This is a less well known pattern, one where there is less understanding about how to do it well. There is also general discussion in the community about ‘swarming’ but it is not about this pattern…at least not directly about this pattern.
The idea is that each story in the Sprint has a Captain. If a story is in trouble, then everyone in the Team should offer to help the Captain, and in general the Captain must be open to help. The Captain can decide how much help is needed, will be useful…although he/she may get feedback from the Team on his/her decisions.
This is similar to ‘single piece continuous flow’ in Lean.
Implement a simple process to minimize and handle urgent, high-priority interrupt work during the Sprint.
Daily Clean Code
Fix all bugs in less than a day. Aim to have a completely clean base of code at the end of every day.
If the Team gets behind in a Sprint, have an identified ’emergency procedure’ to execute to get back into a good position quickly. (Specific steps are proposed.)
Scrumming the Scrum
Identify the single most important impediment in the Sprint Retrospective and remove it before the end of the next sprint.
Ask 2 questions on a 1-5 scale. If the Team average drops, gather the Team to identify the root cause and address it.
Teams that Finish Early Accelerate Faster
The Team should only ‘commit’ to what they know they can accomplish ‘reliably’ (70+% of the time). Once they become reliable, then they can use the other patterns to accelerate more (increase the Velocity).
Apparently we must repeat: We are accelerating without working any harder (any more hours). And only working reasonable hours. How? By working more cleverly and with greater automation, via fixing impediments.
I summarized some of the key points of paper, sometimes loosely, with some of my ideas.
There are many other great ideas and further explanation in the paper itself.
Enjoy! And help you Team get better, and help your customers have a better life!
In the course you emphasized how important it is to do may things….seemingly from the start. One of the ones was automated testing. This will be very hard for us to do, I think, at my company. Were you really serious that we must have automated testing immediately?!?!?
[First, I must confess that I made up this email or letter. I did have a student who I think had this question, but she did not phrase it to me this way.]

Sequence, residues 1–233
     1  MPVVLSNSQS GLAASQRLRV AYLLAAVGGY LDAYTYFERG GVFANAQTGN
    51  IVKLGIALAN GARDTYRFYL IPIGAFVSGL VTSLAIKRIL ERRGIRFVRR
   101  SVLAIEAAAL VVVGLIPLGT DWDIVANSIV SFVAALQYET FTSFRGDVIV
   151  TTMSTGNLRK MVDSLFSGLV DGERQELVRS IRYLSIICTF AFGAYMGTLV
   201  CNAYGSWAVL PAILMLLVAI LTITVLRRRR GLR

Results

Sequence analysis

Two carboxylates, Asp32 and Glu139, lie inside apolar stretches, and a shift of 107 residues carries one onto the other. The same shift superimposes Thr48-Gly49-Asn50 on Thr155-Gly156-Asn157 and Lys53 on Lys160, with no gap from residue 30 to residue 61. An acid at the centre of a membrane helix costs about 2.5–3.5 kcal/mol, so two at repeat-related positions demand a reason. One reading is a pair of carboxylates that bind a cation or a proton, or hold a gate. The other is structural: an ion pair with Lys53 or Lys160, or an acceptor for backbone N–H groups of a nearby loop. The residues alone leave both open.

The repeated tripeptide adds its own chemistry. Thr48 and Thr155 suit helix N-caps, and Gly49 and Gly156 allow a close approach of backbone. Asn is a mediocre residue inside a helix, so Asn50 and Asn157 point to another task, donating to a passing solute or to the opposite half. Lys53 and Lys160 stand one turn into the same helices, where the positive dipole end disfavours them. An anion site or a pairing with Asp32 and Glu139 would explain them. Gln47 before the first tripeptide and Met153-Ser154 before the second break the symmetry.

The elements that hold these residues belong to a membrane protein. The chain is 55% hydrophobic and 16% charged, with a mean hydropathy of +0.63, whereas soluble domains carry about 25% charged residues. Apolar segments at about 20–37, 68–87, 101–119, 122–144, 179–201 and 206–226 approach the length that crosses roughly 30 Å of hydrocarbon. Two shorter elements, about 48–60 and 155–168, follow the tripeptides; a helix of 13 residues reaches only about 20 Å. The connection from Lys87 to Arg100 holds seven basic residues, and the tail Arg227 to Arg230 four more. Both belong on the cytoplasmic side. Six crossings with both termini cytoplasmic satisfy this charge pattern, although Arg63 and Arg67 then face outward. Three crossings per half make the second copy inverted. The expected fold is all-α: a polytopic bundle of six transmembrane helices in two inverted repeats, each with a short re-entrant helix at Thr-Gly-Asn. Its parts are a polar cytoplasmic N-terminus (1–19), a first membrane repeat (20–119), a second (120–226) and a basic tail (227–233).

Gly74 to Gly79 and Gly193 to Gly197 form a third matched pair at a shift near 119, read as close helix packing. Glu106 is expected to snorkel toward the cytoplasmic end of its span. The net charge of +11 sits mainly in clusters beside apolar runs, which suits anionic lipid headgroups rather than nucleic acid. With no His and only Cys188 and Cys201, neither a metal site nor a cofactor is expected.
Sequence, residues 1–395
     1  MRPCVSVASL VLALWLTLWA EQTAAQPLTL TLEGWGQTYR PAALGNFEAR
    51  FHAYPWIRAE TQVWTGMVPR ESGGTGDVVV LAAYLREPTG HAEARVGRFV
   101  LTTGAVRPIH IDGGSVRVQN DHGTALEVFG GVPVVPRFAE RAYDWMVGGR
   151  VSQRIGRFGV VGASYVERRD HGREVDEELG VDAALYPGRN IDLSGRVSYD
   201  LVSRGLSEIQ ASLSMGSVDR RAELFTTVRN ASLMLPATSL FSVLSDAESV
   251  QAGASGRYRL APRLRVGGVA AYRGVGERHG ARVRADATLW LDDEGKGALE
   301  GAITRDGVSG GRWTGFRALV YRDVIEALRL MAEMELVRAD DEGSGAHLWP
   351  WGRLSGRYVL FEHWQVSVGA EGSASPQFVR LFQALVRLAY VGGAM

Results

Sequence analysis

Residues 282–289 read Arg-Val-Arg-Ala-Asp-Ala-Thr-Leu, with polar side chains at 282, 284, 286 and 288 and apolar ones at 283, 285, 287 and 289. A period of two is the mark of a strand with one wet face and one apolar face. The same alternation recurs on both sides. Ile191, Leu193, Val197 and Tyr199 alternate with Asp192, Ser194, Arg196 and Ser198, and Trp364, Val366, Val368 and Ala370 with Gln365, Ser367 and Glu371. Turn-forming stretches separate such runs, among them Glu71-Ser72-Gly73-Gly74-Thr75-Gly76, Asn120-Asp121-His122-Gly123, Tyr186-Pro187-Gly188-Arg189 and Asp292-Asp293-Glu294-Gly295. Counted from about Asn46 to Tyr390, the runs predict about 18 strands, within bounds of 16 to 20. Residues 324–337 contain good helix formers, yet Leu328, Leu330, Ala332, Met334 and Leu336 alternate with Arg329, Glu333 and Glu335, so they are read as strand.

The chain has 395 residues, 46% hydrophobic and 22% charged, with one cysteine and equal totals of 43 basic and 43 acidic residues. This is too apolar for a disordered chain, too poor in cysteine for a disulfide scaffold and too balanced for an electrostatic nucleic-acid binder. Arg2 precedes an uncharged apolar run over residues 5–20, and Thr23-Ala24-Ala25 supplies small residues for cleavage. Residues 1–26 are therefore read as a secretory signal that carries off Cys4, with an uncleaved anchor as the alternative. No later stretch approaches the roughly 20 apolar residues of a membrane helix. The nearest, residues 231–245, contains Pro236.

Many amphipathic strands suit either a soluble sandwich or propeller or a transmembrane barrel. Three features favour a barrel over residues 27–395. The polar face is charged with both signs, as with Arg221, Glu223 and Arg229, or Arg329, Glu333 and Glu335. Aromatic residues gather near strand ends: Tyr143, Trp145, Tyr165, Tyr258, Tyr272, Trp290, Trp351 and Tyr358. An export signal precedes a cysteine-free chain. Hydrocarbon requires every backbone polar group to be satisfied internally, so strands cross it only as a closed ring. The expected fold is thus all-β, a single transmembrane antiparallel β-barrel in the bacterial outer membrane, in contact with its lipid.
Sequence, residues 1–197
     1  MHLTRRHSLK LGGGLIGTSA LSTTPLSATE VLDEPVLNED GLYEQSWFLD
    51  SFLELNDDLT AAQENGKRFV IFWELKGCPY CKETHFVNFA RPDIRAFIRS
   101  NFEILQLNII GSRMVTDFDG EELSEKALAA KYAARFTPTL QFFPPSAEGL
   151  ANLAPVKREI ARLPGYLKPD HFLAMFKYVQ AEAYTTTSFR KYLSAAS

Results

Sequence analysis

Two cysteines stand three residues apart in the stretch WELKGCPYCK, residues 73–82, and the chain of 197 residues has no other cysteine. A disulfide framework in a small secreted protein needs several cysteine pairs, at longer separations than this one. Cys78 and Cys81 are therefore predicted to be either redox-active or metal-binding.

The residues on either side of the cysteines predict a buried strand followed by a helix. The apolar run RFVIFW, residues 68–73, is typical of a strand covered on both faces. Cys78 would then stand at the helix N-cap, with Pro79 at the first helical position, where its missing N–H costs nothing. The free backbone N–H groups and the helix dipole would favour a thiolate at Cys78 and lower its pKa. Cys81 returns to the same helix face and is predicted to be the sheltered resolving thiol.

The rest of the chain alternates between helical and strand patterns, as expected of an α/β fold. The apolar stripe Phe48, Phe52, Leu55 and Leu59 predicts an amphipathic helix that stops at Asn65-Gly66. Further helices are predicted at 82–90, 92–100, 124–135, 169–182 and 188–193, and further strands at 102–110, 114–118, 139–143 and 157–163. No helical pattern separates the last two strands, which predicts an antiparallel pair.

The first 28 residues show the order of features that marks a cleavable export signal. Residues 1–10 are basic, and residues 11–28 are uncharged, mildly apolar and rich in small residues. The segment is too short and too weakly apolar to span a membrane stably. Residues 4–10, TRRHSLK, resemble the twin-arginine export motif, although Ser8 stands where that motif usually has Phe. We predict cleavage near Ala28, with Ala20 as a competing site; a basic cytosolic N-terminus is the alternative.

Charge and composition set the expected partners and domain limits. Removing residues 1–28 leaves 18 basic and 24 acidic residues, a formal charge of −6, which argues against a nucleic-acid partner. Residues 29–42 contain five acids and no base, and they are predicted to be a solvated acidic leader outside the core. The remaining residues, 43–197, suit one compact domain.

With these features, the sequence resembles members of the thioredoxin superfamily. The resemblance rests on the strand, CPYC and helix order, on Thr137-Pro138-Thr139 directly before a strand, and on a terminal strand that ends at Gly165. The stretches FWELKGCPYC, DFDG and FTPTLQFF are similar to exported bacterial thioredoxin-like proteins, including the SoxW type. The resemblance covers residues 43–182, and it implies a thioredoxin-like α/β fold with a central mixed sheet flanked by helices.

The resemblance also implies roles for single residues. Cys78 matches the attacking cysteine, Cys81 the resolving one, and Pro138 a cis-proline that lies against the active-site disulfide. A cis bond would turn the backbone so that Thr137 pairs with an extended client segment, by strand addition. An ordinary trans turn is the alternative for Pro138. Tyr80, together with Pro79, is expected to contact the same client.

Glad you asked.
First, in many places it is almost impossible to do all of Scrum on Day One. So, I am not upset and you are not terrible (if you thought you might be) if you do not do all of Scrum on Day One.
We do expect you to implement change continuously, so that eventually you can do al of Scrum with you team. Never never give up on that. And do not think that you have done Scrum until you have done all of it (all of the bare framework) with the right attitude. This is important, we think, because it will give you better results (almost every time).
Then, automated testing is beyond the bare framework of Scrum (as are many other great agile ideas).
Again, we are not upset that you cannot get ‘full’ automated testing to happen on Day One. Again, that is not possible for many people in many situations.
And, again, we expect you to change things at your place, and start implementing some automated testing soon. As I said, you are not really agile in software development without automated testing (and continuous integration, etc).
How long will it take you to do that? Well, that depends on many factors. But, mainly, you have to start something now. Something perhaps very basic. Such as, have the coders or developers automated (or more fully automate) their unit tests. Get a good unit test tool for your situation (eg, JUnit) and start building.
It may take a long while before your automated testing is truly professional. You can do Scrum before you get there, but the real power of Scrum expands significantly as you automate the testing.
You may have to convince managers to spend money This may take time. You may need to access the Scrum community to get evidence to convince the manager(s). But you will get there eventually.